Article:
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Law Offices of Ronald W. Rutz
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March 29, 2003: Current Water Issues

Q: It has been several months since you wrote about water. What is happening?

A: In my opinion, not much. We are in the rocking chair mode where, except for several court cases, we are just rocking, talking, and "making nice."

Remember the story about Secretary of the Interior Gale Norton's attempts to wean California from its use of about 2.5 million acre-feet of upper basin unused water, with her efforts being more or less supported by the other lower basin states of Nevada and Arizona? Since these two states are nearly at or exceeding their allotments, it appears that both states are moving back to their traditional positions of partnering with California. Remember that troika of states has 62 votes vs. 11 for the upper basin states in the U.S. House of Representatives and even with a compact and a treaty in place, 2.5 million acre-feet might be a tempting target either politically or back in the Courts, especially if the Republic of Mexico gets involved. And do not be surprised to see New Mexico and Texas closing ranks with the troika to create IOUs for the future.

An appropriation of about $500,000 is working its way through our legislature to further study water problems, specifically the "big straw" concept to take water from the Colorado River and pump it to the eastern slope. Add to that whatever additional money the legislature might appropriate and also the money spent on water court cases and all those meetings and studies that various organizations are conducting. It is clear that water attorneys, engineers, and consultants are not in a drought, and the water trough that they are drinking from is flowing quite nicely, thank you.

The fallout from the case concerning pumping of water wells is now starting to settle out. For the approximately 3000 wells south and also east of Greeley involved with GASP, the State Engineer will permit about 1000 to operate without restrictions because the individual owners have filed plans and have sufficient supplemental water. Another 1000 or so wells can partially operate because the owners filed their plans but have not acquired enough water to compensate senior water right owners 100% for the water their wells are deemed to be taking. The final 1000 wells have not filed plans and will not be permitted to pump. So regardless of what our legislature does or what the Colorado Supreme Court determines, a significant amount of acreage irrigated by wells will still be productive, much to the chagrin of many senior surface owners who still will not get water because of the drought. As of Monday of this week, no surface priority after 1910 will be supplied, but that may change because of the spring storms. Most of the wells have priority dates from the '50s and '60s. Thus even though junior, these wells will pump because there is water in the ground although not enough to go around on the surface.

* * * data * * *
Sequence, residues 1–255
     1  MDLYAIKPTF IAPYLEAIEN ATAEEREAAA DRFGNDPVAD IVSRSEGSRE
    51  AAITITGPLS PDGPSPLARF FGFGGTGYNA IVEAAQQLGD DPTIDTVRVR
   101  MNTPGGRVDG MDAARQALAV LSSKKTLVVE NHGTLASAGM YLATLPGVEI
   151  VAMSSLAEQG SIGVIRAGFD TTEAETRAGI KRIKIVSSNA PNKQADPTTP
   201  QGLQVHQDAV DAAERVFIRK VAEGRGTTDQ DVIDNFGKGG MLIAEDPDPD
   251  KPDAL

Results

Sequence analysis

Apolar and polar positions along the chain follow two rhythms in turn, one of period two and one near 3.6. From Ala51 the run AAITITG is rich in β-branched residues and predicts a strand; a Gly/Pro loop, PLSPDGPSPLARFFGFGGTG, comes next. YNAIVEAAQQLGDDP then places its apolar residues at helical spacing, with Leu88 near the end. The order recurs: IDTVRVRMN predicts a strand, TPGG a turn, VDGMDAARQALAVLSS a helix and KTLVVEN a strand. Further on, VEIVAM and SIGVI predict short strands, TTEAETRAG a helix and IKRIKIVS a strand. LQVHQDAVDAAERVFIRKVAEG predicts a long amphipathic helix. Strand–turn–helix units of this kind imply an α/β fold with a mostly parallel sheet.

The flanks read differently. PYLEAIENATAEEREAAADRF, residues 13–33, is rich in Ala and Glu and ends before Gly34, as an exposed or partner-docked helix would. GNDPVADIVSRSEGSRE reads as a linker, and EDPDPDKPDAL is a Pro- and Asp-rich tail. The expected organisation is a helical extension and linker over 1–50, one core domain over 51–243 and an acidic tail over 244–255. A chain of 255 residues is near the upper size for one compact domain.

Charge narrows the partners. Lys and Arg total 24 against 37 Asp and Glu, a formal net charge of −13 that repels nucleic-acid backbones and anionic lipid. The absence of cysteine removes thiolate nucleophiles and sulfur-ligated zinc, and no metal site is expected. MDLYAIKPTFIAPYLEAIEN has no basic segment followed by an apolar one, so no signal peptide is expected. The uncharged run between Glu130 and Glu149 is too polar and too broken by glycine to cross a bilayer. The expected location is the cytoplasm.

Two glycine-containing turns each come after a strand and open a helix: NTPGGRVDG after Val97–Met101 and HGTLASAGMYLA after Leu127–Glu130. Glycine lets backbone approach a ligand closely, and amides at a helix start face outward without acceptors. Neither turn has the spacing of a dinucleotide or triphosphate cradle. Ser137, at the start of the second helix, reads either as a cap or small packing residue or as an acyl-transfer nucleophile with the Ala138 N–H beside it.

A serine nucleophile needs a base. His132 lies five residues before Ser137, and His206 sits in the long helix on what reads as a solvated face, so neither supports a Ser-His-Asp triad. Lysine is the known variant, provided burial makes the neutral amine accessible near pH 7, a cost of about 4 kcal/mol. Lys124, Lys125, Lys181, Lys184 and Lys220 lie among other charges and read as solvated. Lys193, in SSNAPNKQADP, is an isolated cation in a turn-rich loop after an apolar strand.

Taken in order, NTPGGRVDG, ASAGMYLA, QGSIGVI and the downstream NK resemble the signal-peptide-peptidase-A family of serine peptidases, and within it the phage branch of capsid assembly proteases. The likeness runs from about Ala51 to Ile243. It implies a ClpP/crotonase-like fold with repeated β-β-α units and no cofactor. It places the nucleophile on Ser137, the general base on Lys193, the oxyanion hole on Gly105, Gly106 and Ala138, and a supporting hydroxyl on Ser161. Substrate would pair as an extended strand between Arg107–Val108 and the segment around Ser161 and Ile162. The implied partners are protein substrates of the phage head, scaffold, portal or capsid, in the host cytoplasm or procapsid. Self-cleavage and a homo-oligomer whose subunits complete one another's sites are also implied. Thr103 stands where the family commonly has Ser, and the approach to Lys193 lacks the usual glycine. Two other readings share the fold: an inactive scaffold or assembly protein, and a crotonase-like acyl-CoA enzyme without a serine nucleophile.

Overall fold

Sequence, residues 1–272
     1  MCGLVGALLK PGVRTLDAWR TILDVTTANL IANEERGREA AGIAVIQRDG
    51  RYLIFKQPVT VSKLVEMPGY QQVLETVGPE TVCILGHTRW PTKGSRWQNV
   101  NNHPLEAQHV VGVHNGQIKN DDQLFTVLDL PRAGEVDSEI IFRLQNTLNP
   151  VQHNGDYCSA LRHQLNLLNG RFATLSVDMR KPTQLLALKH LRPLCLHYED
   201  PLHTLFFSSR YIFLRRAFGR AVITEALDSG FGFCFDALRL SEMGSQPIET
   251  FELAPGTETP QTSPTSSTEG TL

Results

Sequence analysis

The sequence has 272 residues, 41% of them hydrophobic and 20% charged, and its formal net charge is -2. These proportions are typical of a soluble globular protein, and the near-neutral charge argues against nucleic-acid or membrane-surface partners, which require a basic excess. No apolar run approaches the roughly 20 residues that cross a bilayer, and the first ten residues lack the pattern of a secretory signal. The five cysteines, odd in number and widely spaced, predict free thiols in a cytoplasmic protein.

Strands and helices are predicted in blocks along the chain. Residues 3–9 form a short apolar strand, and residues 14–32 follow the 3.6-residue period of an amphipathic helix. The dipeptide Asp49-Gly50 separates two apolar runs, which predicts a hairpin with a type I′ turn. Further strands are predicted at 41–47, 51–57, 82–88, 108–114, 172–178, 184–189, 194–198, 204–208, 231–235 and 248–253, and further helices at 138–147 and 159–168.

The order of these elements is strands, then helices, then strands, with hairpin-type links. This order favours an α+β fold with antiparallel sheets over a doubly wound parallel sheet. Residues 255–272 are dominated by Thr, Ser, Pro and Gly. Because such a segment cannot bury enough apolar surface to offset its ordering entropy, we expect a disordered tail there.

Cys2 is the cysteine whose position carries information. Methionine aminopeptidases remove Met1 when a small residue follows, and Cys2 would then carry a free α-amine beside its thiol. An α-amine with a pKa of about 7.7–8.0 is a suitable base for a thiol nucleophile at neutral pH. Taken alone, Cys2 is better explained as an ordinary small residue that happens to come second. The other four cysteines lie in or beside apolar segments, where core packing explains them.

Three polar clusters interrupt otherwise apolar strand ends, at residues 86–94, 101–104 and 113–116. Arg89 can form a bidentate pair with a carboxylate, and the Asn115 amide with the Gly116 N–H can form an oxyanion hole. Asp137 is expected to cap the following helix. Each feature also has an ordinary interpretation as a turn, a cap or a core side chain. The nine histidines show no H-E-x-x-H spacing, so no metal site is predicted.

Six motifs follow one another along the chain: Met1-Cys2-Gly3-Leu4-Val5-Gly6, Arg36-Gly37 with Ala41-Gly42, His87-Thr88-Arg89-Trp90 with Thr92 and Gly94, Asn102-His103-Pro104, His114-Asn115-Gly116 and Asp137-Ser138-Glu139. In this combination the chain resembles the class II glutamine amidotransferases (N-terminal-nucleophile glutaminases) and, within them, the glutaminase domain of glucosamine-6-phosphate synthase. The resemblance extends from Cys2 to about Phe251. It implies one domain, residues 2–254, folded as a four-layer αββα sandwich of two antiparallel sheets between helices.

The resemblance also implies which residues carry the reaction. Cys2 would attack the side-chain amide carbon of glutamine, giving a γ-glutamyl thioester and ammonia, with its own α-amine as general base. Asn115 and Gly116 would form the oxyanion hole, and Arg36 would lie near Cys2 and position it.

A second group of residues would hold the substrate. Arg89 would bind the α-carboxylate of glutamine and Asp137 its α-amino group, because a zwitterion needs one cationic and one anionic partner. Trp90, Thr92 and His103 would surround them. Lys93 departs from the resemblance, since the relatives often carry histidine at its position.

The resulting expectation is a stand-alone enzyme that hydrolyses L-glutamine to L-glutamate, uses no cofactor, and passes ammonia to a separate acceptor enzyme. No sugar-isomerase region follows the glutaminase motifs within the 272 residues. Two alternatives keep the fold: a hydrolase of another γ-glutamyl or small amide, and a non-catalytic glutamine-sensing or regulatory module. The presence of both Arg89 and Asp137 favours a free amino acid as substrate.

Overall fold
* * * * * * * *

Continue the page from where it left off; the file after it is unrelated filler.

Each year Colorado produces on average about 16 million acre-feet of water, of which 8-10 million acre-feet must leave the state because of interstate and international compacts and treaties. Colorado has storage space for about 6.5 million acre-feet. The key (if you are in favor of more storage capacity) is providing capacity to catch water during the wet years for use during the dry years. During the last decade about 125,000 acre-feet of storage capacity has been added primarily through rehabilitating existing sites, e.g. the dredging of Windsor Lake. Work that is about to begin, such as with our own Halligan Reservoir, may add up to 75,000 more acre-feet of storage. After that it is anyone's guess what can be economically built in the most efficient reservoir locations. Estimates are that only around a total of 200,000 acre-feet at most can realistically be constructed around the state, unless major legal, political, or economic changes occur. And the attempt to instantaneously add up to 100,000 acre-feet of storage by using one or more of the federal, flood control dam sites for storage is bogged down "in further negotiations" and environmental issues. But if you compare the possible increase in storage with the existing storage, the question must be asked, where's the beef? How is this extra storage capacity going to make that much of a dent in the overall problem given our currently available space, and certainly Halligan will help us, but will it significantly help the south Denver metro area, Aurora, or Colorado Springs, even with water exchanges?

So where does that leave us, with everyone trying to be inclusive and not affect anyone else's perceived legal, locational, and political rights? For the foreseeable future just sitting and rocking unless someone steps forward and blazes a path breaking out of Colorado's current water box.

My prediction, drought or no drought, look for urban unrest to rapidly increase over water restrictions and also do not be surprised to see more movement of the 87% of water used in agricultural toward domestic (urban) uses.

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